Let me apologize at the outset as not having time to participate in this forum in a more through fashion. But anyway some comments as regards your question 1 (I will try to take up other questions on succeeding weeks).
I always wonder when the idea of 'dropping' a topic area is broached. What exactly does this mean? For example, one might say that plane geometry is a place where certain aspects of spatial and relational reasoning have a beginning, someone else might point at logical thinking, a third might emphasize deduction and exploration, and a fourth might point to some of the mathematical elegance embodied in theorems and their proof. All of these would be dropped?
On the other hand, I wonder how well deduction fares in a traditional course in plane geometry. My experience is that students become reasonably facile at parroting, but not at deducing - deducing is a not inconsiderable accomplishment. I would enthusiastically support a course designed explicitly to promote mathematical deduction (and induction for that matter) - I don't think a traditional geometry class necessarily provides that.
And logical thinking? I am not convinced that traditional plane geometry does well there either - I am talking about enactment here. Logical thinking - that is, a meta-awareness of one's thinking - is a not inconsiderable undertaking. It is unfortunate that it gets so identified with plane geometry. How many math majors take a reasonable course in mathematical logic; perhaps they know it already via plane geometry.
Spatial reasoning? Is dealing with two-dimensional Platonic figures the only way? It is certainly a start, but an ending?
Beauty? Do we take time, as it has been said, to smell the flowers or is each theorem just another page in the book? There is some lovely mathematics and some engaging history around plane geometry.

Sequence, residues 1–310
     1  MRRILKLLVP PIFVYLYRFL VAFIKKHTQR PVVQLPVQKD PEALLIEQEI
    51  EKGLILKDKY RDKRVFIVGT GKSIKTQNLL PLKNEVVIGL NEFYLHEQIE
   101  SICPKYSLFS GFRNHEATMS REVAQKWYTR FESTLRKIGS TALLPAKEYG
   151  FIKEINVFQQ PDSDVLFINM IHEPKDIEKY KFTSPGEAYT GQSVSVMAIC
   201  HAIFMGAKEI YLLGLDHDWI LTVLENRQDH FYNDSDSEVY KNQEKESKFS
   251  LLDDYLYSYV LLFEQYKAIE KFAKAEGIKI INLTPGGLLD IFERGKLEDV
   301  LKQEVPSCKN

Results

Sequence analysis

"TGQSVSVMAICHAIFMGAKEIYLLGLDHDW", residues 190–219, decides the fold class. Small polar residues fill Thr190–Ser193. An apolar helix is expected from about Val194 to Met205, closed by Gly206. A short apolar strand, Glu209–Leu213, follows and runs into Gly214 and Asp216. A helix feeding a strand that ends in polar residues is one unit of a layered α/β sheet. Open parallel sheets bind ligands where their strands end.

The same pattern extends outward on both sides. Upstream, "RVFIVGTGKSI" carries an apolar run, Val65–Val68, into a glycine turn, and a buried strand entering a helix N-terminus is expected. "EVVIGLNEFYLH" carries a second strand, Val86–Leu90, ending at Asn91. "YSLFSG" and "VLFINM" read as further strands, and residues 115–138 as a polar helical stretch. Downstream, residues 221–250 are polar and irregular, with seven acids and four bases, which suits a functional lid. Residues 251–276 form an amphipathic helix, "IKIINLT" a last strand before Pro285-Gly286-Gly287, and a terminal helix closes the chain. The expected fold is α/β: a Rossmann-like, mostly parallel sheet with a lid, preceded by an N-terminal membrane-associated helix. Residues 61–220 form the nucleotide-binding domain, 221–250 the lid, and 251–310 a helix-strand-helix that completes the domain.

So I would suggest that everything mathematically worthwhile - bracketing the pedagogical (as much of what traditional plane geometry embodies seems driven by that) - that plane geometry is said to provide should remain in the curriculum. Should/could plane geometry, as traditionally enacted, carry this load? I wonder if it can. If it can't, and there is a better proposal in the offing that addresses the pluses in a substantial way - and there may well be - then great. Otherwise there needs to be some carefully weighing of pluses and minuses - for example, I don't think the argument for logical thinking is at all convincing.
Again, let me emphasize, I am talking about enactment not potential. And this puts me at a considerable disadvantage as I have no clear idea how a systematic course in plane geometry would be enacted in China.
>What emphasis should plane geometry have in the curriculum?
Many believe that this is critical content and the crucial place for teaching logical thinking, but today there is no systematic study of plane geometry in most countries.
[Background] Today, China still maintains deductive plane geometry as part of the mathematics curriculum in 8 grade (100 hours). Many educators suggest reducing the lesson hours and cancelling the deductive geometry approach. There is controversy about this.